My journey to becoming a published author

By Stephanie Nimmo, author of Was This in the Plan?


People often ask me how I write, how can I produce pages and pages of content for clients, write blog posts, write features for publications, write my own book. Because I love it, is my response, and I write every single day.  That’s the secret, practice, practice, practice, exercise that writing muscle, fall in love with words on the page, put all your thoughts down and the more you do it the better you become.

Writing is very therapeutic for me, my life has been pretty tumultuous over the past few years and writing has kept me grounded and focused.

In 2004 my world changed forever when my fourth child, Daisy, was born.  She was a much wanted and anticipated addition to our family but when she arrived just before Christmas, two months premature, very poorly, the who trajectory of my life changed forever.

Daisy was diagnosed with Costello Syndrome, a rare, life limited condition and we entered the world of hospitals and caring. Desperately missing my previous career in marketing I began to blog about this new world that, thanks to a random, sporadic gene mutation, I now found myself in. Blogging became my therapy but it also became a way of shining a light on this new world.

Gradually I branched out pitching ideas to editors and being commissioned to write for publications. The worldwide audience for my writing grew, social media was my best friend for sharing my work when Daisy would be hospitalised for months at a time. I enjoyed shining a light on this new world we were now inhabiting, a world of which I had no previous knowledge.

When in 2014 we were hit with the shock that my husband, the father of my children, my partner since the age of 20, had terminal cancer, my writing took on increased meaning and importance as I shared our journey and how we were choosing to handle this new challenge that life had thrown our way.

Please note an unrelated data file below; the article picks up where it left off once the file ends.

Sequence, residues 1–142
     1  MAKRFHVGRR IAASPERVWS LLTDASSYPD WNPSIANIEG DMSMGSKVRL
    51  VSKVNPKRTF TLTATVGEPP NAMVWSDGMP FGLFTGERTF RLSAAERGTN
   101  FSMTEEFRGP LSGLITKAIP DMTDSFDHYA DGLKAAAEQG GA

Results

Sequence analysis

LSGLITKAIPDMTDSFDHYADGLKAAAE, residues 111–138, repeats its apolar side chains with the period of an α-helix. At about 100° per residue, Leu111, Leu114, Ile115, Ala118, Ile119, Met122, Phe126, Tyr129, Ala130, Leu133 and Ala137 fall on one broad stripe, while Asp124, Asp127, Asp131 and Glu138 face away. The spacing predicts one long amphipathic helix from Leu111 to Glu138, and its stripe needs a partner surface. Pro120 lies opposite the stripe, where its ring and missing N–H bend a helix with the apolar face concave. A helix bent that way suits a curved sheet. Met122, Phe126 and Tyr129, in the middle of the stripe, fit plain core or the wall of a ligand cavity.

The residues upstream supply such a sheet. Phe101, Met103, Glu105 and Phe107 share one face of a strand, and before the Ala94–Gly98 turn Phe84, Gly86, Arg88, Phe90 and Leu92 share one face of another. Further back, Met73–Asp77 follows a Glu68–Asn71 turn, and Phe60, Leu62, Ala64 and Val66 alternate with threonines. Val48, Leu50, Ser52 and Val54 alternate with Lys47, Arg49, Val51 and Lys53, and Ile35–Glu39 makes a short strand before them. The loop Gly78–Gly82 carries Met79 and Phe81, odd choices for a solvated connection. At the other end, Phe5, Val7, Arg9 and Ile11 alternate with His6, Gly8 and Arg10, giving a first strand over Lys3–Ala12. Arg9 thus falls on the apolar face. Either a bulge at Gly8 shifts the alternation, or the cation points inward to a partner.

Andy died a year later and one of his dying wishes was that I should follow my dreams and write the book that I had always wanted to write.

Despite now being a single mum to four children under 18, including one with the most complex of disabilities, I set to—the book became my focus. It helped me ride the waves of grief at the loss of my husband and to process everything that had happened to us.

Although I was freelancing as a writer and journalist I had no idea how to get a book published, there seemed to be so much choice.  In my mind I had this idea that I would get an agent and they would find me a publishing deal, I’d have an advance to live on and that would be it.  The reality was very, very different.

I started off by tapping into my extensive contact list. “What do I do?” I asked. “How do I get my book published?” In one of many lucky connections I was recommended to contact a writer who was about to start an online challenge for prospective writers to help them produce a watertight submission document.

This online challenge took place over about 6 weeks and each week we focused on a different area of the submission and our tutor would give us guidance and advice on what publishers and agents were looking for.  At the end I had a really robust pitch for my book.  I had also been working developing a few sample chapters.

I started email agents, such a thankless task, some just didn’t respond, most said they didn’t have room on their lists. I signed up for a course at Bloomsbury on how to hook an agent. It confirmed that I was doing all the right things, but there are hundreds, thousands of people contacting agents every week, all brilliant writers with excellent ideas, it was a numbers game.

My experience of life caring for a disabled child and a terminally ill husband had given me resilience in bucket loads however, I refused to be ground down by the process. In my mind I wanted my book to be published on what would have been my 25th Wedding anniversary the following year. It was going to be my gift to Andy for our beautiful time together. I started to forget about waiting for a fat advance cheque and set to, writing my memoir, often writing until the early hours while night nurses were on duty caring for my daughter at home.